Marketers often toss around the terms demand generation and lead generation interchangeably. But if you’re a serious B2B marketer, you need to understand the important differences between the two. Let’s take a closer look at how to use both in your marketing strategy.
Demand generation develops interest in – or demand for – a brand’s products and services. The key focus of demand generation is to create awareness and build a desire for brand. The goal of demand gen is to keep your brand top-of-mind for your target customers.
Demand generation happens throughout the buyer’s journey. This interest-based strategy provides a continuous flow of information about your products and services. It serves to maintain demand levels in every stage of your sales funnel.
Demand gen gives the world an introduction to your products and services. You can use demand gen to build your pre-qualified audience, establish trust, and create thought leadership.
Demand gen content is always free. The free information that demand gen provides is designed to attract and build your targeted audience. Examples of typical demand gen content include blogs, articles, social media posts, and explainer videos.
Lead generation identifies potential customers by collecting information from targeted individuals. Potential leads are those who have expressed a genuine interest in learning more about your products and services.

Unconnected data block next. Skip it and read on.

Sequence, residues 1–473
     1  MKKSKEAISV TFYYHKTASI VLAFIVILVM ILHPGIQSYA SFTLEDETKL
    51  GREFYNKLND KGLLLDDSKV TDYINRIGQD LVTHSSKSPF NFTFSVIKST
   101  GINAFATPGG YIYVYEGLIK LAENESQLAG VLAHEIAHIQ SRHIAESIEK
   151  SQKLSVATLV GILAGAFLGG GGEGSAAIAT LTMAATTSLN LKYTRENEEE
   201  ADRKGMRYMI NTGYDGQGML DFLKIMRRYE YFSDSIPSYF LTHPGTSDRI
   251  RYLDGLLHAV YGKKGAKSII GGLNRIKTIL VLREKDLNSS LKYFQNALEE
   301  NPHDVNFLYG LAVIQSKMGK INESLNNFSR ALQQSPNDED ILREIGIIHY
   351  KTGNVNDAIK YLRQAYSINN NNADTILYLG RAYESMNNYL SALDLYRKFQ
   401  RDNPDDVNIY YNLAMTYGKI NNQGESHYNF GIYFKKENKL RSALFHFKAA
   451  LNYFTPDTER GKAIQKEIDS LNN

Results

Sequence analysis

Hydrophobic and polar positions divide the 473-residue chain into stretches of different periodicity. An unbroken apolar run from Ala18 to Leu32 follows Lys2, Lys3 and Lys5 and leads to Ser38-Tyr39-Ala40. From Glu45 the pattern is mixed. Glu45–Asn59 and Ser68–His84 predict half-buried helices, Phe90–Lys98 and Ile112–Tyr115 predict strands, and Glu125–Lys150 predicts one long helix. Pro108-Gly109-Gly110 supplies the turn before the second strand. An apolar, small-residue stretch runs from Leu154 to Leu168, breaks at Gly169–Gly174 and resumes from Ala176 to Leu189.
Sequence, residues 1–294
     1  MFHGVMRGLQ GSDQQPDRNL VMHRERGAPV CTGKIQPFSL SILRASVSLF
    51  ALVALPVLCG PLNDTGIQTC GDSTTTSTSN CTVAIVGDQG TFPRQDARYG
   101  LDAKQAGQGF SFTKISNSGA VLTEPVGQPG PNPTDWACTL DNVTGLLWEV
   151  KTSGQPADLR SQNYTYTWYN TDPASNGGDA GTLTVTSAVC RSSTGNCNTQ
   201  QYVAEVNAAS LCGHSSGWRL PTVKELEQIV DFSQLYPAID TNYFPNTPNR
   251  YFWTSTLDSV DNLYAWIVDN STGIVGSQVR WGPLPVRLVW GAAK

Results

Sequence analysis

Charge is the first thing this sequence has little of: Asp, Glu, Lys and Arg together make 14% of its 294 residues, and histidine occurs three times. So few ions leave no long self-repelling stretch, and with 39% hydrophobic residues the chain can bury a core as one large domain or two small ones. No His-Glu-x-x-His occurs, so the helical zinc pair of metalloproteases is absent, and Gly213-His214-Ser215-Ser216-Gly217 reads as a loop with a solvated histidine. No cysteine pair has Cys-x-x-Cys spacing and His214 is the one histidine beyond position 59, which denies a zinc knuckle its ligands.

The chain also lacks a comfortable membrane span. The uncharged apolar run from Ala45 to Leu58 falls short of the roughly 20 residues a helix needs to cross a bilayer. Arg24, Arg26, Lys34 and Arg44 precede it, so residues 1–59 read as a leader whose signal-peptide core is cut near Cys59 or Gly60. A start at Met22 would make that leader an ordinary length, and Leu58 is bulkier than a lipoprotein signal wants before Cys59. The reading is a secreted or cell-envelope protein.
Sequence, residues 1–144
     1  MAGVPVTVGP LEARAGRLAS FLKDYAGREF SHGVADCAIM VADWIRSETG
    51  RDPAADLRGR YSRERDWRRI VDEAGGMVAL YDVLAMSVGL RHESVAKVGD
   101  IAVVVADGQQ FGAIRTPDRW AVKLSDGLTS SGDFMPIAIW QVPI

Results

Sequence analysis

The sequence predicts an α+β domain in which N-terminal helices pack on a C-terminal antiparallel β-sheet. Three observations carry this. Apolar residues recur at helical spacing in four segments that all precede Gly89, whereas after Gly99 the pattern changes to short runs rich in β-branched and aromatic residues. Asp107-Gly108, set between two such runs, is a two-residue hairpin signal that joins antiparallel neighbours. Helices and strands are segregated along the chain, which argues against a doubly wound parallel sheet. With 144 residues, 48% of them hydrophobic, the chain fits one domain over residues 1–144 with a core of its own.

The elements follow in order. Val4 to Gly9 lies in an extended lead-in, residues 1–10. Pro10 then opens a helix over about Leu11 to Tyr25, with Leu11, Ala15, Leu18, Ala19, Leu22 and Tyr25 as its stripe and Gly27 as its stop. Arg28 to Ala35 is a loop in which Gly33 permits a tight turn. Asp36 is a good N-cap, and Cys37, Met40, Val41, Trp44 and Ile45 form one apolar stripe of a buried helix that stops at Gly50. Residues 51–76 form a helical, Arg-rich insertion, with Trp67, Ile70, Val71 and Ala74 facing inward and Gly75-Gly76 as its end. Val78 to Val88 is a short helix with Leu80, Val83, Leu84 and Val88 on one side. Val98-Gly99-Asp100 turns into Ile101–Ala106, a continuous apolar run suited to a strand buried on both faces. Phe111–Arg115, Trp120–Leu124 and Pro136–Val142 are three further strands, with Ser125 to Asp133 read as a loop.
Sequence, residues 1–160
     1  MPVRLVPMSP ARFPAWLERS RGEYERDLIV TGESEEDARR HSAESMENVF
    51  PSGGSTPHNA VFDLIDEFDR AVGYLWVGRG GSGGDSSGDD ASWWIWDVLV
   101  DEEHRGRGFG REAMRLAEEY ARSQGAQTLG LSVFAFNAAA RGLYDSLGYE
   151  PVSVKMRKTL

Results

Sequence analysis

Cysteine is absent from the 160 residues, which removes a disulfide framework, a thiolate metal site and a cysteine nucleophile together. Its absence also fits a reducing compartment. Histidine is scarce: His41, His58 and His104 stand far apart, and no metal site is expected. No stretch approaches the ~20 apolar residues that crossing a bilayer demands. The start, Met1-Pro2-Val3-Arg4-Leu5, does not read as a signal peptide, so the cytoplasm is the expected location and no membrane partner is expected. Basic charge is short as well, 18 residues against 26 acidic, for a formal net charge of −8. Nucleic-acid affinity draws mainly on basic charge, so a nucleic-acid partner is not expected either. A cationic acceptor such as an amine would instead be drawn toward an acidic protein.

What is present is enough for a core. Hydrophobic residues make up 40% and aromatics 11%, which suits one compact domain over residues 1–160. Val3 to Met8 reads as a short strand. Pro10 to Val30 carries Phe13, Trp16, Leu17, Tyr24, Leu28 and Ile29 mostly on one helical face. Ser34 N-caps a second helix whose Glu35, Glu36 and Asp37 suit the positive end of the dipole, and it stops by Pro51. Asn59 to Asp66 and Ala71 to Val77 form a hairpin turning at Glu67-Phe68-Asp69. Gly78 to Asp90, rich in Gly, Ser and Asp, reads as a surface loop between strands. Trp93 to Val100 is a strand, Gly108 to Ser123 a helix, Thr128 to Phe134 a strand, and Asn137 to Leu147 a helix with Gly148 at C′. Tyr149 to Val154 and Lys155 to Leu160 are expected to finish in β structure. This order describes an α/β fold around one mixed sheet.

Savvy marketers use this information collected from targeted individuals to qualify them as leads. Lead generation is a top-of-the-sales funnel activity. Smart marketers collect information to build a pipeline of well-qualified leads as prospects to move along in your sales funnel. These pre-qualified leads are ready to move on to the next steps in their buyer’s journey.
Lead generation places a high value on gated content that requires potential customers to interact to learn more. Gated content provides more specific information about your products and services. Prospects can gain access to premium content only after they have provided identifying information like an email or phone number. Typical lead generation content includes e-books, white papers, free trials and email subscriptions.
While these two marketing strategies may sound similar, they are definitely not the same thing. You may find it helpful to think of lead gen as a specific subset of your overall demand gen strategy.
You should design your demand gen strategy to inform the public broadly about your brand’s products and services. Create demand by educating everyone about who you are and what you offer.
This is the “convince” part of the sales funnel. You’re educating your customers about why your brand is their best choice.
Use lead generation to segment your audience by collecting contact information from potential buyers. Focus on qualifying prospects who have expressed a genuine interest in moving forward with your buying process.
This is the “convert” process of the sales funnel. You’re now converting your prospect from an interested party to a customer.
Ready to generate more interest and qualified leads for your products and services? Demand Works Media specializes in demand and lead generation management. Contact one of our marketing experience specialists today.